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Gmail's location data led to the discovery of the Petraeus affair

Axel Schmidt/AP

This weekend, more details about the Petraeus affair emerged. FBI investigators, it seems -- in a twist of irony fit for either a crime drama or a soap opera -- discovered the CIA director's infidelity by accident: An acquaintance of the Petraeuses, a social liaison to MacDill Air Force Base in Tampa, where the military's Central Command and Special Operations Command are located, seems to have unknowingly triggered the series of events that would lead to his resignation. And, even more ironically, it was the particulars of the ubiquitous system Petraeus used to communicate with Paula Broadwell -- Gmail -- that would lead investigators to discover information that they weren't seeking to find.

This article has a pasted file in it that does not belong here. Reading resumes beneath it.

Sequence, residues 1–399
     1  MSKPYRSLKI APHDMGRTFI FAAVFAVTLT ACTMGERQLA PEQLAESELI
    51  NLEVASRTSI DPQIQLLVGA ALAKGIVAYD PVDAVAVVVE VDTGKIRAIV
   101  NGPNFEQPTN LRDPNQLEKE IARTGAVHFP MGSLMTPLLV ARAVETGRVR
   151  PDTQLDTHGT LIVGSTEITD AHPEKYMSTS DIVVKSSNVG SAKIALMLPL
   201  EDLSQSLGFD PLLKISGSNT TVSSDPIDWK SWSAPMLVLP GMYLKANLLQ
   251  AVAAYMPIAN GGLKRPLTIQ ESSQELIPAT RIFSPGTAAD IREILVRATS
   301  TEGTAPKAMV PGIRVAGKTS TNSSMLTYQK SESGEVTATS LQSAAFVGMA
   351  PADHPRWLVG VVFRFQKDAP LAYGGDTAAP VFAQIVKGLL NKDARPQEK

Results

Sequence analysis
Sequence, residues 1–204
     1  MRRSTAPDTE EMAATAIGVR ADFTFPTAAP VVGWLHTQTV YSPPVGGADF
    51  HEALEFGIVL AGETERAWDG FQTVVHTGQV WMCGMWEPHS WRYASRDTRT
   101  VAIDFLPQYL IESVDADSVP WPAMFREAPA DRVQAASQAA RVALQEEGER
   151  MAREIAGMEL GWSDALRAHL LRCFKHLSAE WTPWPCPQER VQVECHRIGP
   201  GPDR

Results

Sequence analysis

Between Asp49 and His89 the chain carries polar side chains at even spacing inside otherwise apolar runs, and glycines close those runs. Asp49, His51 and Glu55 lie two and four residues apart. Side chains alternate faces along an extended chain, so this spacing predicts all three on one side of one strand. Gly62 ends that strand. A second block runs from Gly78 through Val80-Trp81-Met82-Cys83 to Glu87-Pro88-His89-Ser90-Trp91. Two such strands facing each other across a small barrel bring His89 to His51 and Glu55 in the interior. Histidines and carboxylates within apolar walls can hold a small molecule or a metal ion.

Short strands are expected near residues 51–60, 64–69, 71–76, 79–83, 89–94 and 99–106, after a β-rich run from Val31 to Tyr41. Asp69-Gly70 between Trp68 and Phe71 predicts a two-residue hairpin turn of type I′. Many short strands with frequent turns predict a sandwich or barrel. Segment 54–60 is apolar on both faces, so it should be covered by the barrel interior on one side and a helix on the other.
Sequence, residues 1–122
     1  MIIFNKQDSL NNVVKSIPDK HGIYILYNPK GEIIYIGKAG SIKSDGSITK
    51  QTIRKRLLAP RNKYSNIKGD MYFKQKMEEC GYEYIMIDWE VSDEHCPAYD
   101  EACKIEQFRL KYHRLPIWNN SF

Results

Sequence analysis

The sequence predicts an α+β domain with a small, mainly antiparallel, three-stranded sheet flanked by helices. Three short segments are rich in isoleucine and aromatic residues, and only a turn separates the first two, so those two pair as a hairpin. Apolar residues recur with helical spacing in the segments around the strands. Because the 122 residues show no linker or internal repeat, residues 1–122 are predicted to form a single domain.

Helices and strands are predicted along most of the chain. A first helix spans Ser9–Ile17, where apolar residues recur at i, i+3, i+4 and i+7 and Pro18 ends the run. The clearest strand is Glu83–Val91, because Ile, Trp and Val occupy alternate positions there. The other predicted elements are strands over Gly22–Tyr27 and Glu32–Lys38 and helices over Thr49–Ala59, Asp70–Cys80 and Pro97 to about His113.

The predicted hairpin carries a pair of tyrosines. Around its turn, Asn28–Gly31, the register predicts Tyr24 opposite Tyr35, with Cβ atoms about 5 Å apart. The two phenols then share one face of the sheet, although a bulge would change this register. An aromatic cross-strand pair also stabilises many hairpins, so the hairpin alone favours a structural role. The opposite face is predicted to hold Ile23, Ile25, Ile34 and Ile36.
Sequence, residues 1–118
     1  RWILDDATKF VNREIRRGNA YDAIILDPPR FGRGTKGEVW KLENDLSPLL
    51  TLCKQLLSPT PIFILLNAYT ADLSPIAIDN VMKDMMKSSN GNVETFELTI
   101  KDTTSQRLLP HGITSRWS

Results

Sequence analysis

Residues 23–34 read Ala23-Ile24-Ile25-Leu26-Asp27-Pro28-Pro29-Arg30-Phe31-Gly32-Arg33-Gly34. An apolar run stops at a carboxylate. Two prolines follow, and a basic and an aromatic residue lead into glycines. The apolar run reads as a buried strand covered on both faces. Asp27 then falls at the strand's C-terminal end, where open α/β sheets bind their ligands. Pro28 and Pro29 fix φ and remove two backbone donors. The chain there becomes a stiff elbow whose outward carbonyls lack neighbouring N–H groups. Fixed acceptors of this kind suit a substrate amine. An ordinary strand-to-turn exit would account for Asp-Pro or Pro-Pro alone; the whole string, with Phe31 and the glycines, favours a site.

Sometime in May, The New York Times reports, Broadwell apparently began sending emails to Jill Kelley, the Petraeus acquaintance (her precise connection to the family isn't yet fully clear) -- and those emails were "harassing," according to Kelley. The messages were apparently sent from an anonymous (or, at least, pseudonymous) account. Kelley reported those emails to the FBI, which launched an investigation -- not into Petraeus, but into the harassing emails. 

Read the entire story at The Atlantic.

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